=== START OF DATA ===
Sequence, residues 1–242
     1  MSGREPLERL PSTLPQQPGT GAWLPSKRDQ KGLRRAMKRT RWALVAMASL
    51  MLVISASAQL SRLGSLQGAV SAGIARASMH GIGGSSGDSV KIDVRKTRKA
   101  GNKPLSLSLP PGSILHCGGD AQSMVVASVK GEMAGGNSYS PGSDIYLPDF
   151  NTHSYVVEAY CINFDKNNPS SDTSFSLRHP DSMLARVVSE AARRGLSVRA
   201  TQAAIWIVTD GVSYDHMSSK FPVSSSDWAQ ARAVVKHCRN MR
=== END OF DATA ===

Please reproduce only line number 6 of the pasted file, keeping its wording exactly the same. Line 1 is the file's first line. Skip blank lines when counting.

   201  TQAAIWIVTD GVSYDHMSSK FPVSSSDWAQ ARAVVKHCRN MR